Louis P. Peck

Louis P. Peck (December 24, 1918 – May 8, 2008) was a Vermont attorney and public official. He is notable for his service as an Associate Justice of the Vermont Supreme Court from 1981 to 1990.

Early lifeEdit

Louis Provost Peck was born in Montpelier, Vermont on December 24, 1918,[1] the son of Mary Alice Provost (1886-1956)[2] and W. Nelson Peck (1884-1958).[1] His father owned and operated the Peck Brothers Hardware Store, and Louis Peck had a twin brother, John W. Peck.[3] Louis Peck graduated from Montpelier's St. Michael’s High School in 1937.[1] He intended to begin studies at the University of Notre Dame, but had to delay starting college because he contracted polio.[1] After his recovery, he began attendance at Notre Dame, but left school to serve in the military during World War II.[1]

Military serviceEdit

Peck enlisted in the United States Army in 1941.[1] He completed officer training, and was qualified in the field artillery branch. He then volunteered for paratrooper training, and was assigned to the 17th Airborne Division.[1] Peck served in combat in France, Belgium, and Luxembourg, and during March 1945's Operation Varsity, he was wounded when his glider came under enemy fire.[1] Unable to move because his legs had been shattered by shrapnel and bullets, Peck was injured again when another glider crashed into him as it was landing.[1] He spent more than two years recuperating in hospitals overseas and in the United States, and was discharged as a captain in 1947.[1] Peck's awards included the Purple Heart.[4]

Post-warEdit

After his recuperation, Peck returned to the University of Notre Dame;[1] he received his B.A. degree in 1950,[5] and his LL.B. in 1951.[6] (His LL.B. was later amended to J.D.)[7] Peck had received his varsity letter in fencing before the war.[1] Before leaving college for the army, he had been elected captain of the 1942 team.[8] When he returned to Notre Dame after the war, he served as the coach of the freshman fencing team.[1]

Peck was admitted to the bar in 1951, and practiced in Montpelier.[9] A Republican, in 1952 he served as chairman of the organizing committee for Montpelier's Eisenhower for President organization.[10] He served as city grand juror (prosecutor in Montpelier's municipal court) from 1952 to 1957,[11][12] and was also a member of the city's board of listers.[13] During the 1950s, he also served as chairman of the Washington County Republican committee,[14] and vice chairman of Montpelier's Republican party.[15] He also served as deputy state's attorney of Washington County;[16] in late 1954 and early 1955, he served as acting state's attorney while the incumbent was traveling out of state.[17] A civic activist, Peck's volunteer efforts included a term as president of Montpelier's chamber of commerce.[18]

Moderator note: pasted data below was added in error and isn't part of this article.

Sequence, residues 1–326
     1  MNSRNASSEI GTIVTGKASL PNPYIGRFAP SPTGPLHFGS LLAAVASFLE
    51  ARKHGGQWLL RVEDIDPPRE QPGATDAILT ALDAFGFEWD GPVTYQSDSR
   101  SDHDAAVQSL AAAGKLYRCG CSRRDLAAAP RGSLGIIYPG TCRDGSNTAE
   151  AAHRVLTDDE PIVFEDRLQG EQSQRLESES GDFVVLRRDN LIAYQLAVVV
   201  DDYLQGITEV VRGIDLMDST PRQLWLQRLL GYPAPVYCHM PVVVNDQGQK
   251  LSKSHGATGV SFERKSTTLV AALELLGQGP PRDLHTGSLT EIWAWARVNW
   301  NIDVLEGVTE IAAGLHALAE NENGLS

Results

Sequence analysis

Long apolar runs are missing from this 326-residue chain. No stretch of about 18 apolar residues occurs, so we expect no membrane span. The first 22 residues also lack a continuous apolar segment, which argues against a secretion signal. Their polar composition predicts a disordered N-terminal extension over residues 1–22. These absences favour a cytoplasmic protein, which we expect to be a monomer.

In 1956 he was an unsuccessful candidate for the Republican nomination for the Vermont House of Representatives;[19] during the 1957 session of the Vermont General Assembly, he was a draftsman on the legislature's staff.[20] Later in 1957 Peck joined the office of the Vermont Attorney General as the attorney general's chief legal assistant, and he served until 1965.[21] Among his major responsibilities in this position was serving as chief counsel for the Vermont Agency of Transportation, ensuring that the planning and construction of Interstate Highways 89 and 91 complied with both state and federal laws.[22]

Continued careerEdit

In 1965, Attorney General John P. Connarn appointed Peck as his deputy.[22] Peck served as deputy attorney general until January 1967,[23] and then returned to his post as chief legal assistant and counsel for the Vermont Agency of Transportation.[23] He was later appointed as assistant attorney general for governmental affairs,[24] and then chief assistant attorney general in charge of advisory opinions and appeals.[25] From 1969 to 1981, Peck was a member of the Vermont National Bank board of directors.[26]

Judicial careerEdit